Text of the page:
I loved Sutcliff's children's novels set in Roman Britain (The Eagle of the Ninth is probably her best known), but I have never read her adult books.
From the blurb
Sir Thomas Fairfax, who was to become commander-in-chief of Cromwell's Army, is the stirring hero of this dramatic historical novel.
A frail man with a lion's heart and a puritan's conscience, his exploits on the battlefield became as legendary as the name by which he was known to the weavers and farmers who made up his army.
'Black Tom', riding his famous stallion White Surrey, became a symbol of hope for the northern towns of England.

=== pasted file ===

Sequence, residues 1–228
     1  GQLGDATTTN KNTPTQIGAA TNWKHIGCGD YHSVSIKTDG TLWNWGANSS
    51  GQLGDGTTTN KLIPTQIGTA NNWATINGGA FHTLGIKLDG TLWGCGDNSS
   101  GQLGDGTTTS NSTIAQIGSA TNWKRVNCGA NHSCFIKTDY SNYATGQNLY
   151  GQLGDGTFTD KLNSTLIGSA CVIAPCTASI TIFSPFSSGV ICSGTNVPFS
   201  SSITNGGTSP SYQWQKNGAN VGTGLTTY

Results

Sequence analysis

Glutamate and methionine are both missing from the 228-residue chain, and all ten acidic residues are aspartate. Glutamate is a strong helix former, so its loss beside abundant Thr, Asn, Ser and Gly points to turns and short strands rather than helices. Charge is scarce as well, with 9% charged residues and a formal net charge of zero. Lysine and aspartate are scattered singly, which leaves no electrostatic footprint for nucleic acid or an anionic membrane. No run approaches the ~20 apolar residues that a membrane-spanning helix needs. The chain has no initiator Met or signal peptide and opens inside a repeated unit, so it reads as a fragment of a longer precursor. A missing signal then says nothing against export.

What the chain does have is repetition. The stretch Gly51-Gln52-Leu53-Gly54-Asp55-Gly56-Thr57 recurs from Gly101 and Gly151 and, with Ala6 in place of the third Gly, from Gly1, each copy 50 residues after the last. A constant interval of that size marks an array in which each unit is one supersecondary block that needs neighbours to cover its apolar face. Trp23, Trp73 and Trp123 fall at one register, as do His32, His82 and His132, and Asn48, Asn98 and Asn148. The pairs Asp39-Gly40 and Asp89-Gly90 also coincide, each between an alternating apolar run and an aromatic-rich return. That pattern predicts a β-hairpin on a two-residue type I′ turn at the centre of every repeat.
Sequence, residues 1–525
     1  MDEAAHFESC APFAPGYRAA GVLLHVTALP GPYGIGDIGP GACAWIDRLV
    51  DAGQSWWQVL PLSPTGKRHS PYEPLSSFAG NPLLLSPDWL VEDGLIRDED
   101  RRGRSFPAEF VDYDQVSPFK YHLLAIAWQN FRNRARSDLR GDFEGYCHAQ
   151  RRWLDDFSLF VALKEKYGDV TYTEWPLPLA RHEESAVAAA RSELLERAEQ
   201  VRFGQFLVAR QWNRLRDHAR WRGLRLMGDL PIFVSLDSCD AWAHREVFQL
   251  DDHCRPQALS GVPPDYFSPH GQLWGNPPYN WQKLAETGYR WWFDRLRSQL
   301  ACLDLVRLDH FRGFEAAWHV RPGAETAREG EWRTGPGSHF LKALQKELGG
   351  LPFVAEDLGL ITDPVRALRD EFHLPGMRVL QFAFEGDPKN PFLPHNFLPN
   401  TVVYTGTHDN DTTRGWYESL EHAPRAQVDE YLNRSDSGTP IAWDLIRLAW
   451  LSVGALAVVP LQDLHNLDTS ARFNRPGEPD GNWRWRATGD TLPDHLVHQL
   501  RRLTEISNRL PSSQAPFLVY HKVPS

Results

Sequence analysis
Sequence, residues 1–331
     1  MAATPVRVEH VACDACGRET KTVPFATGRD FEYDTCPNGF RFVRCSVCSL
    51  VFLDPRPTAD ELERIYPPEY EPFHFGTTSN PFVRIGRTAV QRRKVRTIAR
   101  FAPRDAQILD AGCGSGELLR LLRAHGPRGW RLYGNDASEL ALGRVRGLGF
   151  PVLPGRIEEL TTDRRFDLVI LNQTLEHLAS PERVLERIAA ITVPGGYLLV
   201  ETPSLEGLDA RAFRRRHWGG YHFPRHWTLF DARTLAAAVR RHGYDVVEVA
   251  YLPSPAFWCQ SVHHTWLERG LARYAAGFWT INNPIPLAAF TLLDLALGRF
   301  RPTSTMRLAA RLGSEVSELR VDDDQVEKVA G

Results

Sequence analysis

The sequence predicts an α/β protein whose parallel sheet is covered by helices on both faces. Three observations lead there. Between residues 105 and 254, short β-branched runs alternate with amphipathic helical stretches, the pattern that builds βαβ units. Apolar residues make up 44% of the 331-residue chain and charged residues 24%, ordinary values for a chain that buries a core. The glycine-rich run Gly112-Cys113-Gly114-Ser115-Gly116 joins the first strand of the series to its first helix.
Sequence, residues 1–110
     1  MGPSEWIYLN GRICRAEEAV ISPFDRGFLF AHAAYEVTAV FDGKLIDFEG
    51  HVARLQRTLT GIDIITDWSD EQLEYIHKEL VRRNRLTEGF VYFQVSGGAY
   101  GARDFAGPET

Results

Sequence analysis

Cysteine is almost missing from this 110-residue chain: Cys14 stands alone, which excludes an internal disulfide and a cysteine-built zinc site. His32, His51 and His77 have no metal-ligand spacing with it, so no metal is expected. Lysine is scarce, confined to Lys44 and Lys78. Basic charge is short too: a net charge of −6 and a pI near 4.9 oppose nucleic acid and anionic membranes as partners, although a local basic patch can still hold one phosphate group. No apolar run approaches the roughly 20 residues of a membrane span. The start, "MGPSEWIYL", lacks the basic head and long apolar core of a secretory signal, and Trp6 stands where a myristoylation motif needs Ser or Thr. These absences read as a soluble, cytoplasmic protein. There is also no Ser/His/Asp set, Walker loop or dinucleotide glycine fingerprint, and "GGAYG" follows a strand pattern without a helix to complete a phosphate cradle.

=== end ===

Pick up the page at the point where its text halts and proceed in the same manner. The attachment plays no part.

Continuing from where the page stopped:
With him in their midst men discovered courage which led them to accomplish such things as the raising of the siege of Leeds and the capture of Wakefield, described by historians of the time as 'more a miracle than a victory'.
And always behind him 'like any draggle-tailed camp follower' came his dauntless wife Anne, leaving the softness of her life as a gentle-woman to brave the bitter comforts of any army on the march because she believed her husband needed her.